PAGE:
The nation’s tornado season started in earnest on Wednesday as dangerous tornadoes tore through Oklahoma and Arkansas. The strong tornadoes ripped through the city of Tulsa during its evening rush hour, injuring multiple people and killing one.
The fatality occurred in a mobile home park near suburban Sand Springs that was nearly destroyed by the severe weather, according to Tulsa County Sheriff’s Capt. Billy McKelvey. Multiple injuries were reported at the mobile home park, which was said to accommodate 40 to 50 trailers, but the exact number of injuries have not yet been released.
Tornadoes were seen elsewhere in Oklahoma, as well as in Arkansas, but no injuries were reported from those. A small tornado swept across parts of Oklahoma City suburb Moore while a line of additional tornadoes swept from southwest of Oklahoma City to east of Tulsa. Tornadoes were also reported to have touched down in the Ozark Mountains of northwestern Arkansas.
Until last Tuesday, the U.S. hadn’t had a tornado in more than a month. Less than 30 tornadoes have been recorded this year during a period when the number is usually around 120. According to figures from the Storm Prediction Center in Norman, Oklahoma, the last time the U.S. had no twisters in March was nearly 50 years ago.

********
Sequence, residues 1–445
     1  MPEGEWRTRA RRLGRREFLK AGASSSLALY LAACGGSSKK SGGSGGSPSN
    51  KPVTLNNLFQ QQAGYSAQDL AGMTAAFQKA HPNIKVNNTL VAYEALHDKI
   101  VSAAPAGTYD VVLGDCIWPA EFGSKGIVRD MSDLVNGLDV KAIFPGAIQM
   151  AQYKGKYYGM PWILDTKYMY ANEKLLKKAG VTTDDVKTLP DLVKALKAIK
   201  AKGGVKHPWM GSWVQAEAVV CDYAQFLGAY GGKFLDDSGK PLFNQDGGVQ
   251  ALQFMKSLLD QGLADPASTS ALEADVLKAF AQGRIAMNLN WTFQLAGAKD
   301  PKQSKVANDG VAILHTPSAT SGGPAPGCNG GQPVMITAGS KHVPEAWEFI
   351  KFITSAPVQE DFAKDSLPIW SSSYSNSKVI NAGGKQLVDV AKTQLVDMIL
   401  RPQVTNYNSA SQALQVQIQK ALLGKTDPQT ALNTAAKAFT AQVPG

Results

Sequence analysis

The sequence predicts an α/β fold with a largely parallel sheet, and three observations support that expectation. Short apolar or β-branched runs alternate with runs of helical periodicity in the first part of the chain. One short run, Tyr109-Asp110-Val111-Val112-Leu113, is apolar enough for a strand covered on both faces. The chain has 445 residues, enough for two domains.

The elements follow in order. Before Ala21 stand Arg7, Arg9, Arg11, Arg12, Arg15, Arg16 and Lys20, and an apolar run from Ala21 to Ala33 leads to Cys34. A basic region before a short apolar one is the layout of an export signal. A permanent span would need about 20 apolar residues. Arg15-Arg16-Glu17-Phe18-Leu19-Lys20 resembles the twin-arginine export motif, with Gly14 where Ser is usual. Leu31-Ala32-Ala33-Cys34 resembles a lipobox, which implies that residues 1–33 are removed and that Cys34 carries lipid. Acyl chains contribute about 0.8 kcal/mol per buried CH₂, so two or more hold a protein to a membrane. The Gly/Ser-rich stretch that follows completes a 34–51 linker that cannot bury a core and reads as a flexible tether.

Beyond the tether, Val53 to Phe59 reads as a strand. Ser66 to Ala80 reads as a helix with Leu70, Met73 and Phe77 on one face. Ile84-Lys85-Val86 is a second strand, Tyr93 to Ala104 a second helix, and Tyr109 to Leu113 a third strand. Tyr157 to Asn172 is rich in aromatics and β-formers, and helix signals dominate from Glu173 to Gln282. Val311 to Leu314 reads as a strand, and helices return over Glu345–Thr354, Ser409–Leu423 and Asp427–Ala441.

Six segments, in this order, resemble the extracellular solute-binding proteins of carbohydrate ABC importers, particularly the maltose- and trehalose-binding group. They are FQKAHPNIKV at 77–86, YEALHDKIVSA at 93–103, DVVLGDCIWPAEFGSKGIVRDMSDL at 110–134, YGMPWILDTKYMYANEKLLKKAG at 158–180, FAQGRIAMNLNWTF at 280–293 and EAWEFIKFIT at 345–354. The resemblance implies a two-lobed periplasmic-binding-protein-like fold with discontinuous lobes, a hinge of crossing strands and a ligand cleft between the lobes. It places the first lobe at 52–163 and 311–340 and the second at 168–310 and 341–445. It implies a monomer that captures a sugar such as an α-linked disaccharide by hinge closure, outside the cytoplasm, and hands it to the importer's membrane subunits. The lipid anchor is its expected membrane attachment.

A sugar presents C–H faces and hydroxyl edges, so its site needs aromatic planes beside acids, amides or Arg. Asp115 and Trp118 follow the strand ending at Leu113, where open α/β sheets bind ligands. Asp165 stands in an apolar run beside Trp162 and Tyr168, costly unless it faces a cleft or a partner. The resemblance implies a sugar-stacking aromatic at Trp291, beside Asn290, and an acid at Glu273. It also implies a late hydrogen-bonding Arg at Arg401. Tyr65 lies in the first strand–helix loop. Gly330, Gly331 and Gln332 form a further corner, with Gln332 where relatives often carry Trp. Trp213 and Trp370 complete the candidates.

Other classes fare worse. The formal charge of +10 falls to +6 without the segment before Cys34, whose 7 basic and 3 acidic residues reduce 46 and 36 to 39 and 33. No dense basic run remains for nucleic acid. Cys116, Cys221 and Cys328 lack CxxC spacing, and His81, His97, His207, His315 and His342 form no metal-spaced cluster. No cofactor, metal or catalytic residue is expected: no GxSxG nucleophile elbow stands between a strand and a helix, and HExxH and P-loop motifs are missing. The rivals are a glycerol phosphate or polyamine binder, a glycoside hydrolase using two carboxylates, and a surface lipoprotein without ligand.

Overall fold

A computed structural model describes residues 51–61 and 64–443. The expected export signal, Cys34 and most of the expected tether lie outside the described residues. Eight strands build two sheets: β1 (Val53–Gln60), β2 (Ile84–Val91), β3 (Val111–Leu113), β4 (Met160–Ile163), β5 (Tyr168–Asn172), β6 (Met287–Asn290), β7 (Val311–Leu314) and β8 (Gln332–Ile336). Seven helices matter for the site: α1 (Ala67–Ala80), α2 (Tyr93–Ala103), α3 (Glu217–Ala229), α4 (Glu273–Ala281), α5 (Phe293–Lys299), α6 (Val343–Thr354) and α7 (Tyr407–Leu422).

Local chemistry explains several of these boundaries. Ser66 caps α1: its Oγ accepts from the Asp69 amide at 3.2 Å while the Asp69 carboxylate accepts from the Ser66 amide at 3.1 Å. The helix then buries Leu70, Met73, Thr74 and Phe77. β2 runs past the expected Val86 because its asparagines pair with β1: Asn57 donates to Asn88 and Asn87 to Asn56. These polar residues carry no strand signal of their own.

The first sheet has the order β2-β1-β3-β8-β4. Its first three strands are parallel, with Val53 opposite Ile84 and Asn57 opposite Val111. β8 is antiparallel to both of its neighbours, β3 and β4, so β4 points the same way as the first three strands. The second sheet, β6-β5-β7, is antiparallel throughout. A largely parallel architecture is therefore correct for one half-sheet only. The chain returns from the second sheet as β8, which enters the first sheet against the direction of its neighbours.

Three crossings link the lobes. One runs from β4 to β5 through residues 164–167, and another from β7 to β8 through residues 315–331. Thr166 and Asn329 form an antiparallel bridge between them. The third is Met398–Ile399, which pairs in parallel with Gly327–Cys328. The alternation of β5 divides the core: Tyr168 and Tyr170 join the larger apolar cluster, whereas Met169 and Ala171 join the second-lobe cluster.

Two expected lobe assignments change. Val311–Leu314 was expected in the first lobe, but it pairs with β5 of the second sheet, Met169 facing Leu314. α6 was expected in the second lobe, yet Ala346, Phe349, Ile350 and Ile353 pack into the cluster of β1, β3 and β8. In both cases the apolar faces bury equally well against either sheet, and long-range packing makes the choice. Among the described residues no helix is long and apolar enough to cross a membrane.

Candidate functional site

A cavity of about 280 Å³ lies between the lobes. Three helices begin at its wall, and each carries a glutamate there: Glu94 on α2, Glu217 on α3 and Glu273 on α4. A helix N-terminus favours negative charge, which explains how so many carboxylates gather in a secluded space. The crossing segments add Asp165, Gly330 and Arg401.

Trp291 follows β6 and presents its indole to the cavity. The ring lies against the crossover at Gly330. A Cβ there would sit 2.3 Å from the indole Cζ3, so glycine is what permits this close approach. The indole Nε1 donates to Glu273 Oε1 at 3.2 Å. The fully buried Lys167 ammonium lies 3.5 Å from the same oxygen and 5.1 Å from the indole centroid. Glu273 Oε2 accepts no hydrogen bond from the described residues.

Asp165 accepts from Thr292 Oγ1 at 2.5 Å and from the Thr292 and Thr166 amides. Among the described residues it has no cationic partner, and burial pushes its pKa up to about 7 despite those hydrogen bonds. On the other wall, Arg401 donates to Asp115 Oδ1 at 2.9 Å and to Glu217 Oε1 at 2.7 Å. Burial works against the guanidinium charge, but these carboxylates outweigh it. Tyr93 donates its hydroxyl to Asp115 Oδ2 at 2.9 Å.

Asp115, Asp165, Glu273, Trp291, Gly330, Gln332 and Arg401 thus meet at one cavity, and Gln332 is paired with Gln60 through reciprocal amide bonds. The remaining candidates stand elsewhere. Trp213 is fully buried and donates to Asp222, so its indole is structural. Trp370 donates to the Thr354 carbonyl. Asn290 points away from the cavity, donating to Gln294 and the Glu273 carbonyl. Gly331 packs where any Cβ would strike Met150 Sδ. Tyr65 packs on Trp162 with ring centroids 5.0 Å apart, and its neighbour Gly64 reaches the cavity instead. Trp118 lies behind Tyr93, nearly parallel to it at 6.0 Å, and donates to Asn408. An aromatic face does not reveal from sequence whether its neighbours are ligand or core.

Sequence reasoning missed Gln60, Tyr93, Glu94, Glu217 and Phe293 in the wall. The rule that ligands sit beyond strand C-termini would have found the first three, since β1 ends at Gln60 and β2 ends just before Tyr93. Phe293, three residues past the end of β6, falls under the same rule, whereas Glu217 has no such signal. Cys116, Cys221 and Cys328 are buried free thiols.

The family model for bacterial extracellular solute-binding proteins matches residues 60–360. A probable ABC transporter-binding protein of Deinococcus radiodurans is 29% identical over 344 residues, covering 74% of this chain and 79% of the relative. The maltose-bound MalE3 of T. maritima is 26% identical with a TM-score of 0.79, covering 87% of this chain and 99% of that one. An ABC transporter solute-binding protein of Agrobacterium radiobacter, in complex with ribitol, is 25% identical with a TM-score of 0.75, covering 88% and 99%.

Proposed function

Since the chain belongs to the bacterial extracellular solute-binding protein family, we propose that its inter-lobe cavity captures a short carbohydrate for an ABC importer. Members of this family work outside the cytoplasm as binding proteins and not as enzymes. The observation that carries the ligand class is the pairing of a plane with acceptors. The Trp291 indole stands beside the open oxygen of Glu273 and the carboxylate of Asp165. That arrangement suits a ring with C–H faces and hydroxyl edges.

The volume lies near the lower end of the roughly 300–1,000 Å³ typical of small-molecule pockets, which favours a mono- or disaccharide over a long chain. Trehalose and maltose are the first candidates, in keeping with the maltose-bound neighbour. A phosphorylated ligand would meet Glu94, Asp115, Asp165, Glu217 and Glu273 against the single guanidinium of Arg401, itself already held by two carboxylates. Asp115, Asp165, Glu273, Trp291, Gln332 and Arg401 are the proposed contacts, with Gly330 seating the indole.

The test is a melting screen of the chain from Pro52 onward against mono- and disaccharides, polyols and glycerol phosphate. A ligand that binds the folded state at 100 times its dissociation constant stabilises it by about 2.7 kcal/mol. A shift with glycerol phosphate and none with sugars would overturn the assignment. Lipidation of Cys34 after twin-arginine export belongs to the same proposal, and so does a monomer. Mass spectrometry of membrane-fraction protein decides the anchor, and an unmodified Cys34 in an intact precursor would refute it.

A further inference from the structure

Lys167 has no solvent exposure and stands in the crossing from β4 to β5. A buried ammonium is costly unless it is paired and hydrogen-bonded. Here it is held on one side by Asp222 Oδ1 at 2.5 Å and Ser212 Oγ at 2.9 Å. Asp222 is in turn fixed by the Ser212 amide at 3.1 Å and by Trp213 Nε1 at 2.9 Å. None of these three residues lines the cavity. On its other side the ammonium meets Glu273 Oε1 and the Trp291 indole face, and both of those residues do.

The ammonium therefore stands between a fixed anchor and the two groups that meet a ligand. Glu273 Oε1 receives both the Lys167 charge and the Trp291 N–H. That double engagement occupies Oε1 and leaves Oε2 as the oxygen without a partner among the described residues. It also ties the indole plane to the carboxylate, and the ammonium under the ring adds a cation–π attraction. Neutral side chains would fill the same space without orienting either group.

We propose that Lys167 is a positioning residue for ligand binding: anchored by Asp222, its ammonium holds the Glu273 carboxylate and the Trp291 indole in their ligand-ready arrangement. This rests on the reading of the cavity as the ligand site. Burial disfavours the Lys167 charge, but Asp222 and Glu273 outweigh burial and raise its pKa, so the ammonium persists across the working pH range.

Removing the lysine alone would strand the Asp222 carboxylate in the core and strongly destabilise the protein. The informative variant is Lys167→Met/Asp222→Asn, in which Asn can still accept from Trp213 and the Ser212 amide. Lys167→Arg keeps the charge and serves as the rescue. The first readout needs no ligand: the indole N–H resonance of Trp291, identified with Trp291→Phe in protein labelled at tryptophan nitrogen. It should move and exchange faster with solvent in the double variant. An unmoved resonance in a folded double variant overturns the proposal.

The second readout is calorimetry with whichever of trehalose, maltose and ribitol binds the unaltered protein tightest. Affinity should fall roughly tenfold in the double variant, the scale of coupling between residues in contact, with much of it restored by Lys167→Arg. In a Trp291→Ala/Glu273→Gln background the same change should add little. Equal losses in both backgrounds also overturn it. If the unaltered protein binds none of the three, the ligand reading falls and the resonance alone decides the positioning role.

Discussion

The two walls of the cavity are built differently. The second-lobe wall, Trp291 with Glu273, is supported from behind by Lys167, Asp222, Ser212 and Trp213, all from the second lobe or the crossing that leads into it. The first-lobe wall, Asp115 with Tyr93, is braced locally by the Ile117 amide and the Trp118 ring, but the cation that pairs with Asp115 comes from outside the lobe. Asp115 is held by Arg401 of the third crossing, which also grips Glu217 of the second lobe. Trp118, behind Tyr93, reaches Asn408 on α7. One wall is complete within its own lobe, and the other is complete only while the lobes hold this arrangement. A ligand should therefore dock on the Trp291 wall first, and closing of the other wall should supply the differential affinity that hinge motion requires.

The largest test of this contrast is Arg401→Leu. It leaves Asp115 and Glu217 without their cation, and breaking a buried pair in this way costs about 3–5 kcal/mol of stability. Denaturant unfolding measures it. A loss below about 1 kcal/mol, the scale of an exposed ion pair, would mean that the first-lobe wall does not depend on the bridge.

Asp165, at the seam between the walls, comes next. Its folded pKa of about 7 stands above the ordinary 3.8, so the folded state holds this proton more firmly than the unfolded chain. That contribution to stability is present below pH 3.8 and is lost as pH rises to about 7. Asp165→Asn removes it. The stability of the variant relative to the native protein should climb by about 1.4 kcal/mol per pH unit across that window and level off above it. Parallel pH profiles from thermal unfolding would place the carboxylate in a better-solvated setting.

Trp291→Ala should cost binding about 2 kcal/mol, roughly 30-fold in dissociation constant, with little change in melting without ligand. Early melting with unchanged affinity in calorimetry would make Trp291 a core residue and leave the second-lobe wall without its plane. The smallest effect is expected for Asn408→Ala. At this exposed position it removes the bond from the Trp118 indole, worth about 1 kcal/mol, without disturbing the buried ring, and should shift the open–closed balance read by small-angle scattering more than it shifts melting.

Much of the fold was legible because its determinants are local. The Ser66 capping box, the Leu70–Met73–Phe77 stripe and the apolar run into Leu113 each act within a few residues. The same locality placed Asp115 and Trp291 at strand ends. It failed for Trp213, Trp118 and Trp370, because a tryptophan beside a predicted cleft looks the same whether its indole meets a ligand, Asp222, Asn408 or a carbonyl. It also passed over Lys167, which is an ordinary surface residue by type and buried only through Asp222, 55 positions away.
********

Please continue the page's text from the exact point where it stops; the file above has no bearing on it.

While tornado season usually intensifies in March for parts of the U.S., cold air throughout most of the country this month has reduced the warm, moist air necessary to form the storms that spiral into tornadoes. This week, winds brought warm air that rose temperatures across the Ozarks and Southern Plains into the 70s and 80s, providing the right conditions for the violent storms.
In the Oklahoma City area, 27,000 homes and businesses were without power, according to initial reports from electric companies in the area. In Tulsa County, roughly 28,500 homes had lost power. Television video of a Moore neighborhood showed extensive roof damage.
The building that houses the National Weather Service office in Tulsa had a glass door smashed and damage occurred to several vehicles in the parking lot. The Oklahoma Highway Patrol reported that an overturned tractor-trailer had disrupted traffic in both directions on Interstate 35, a major north-south route for the state.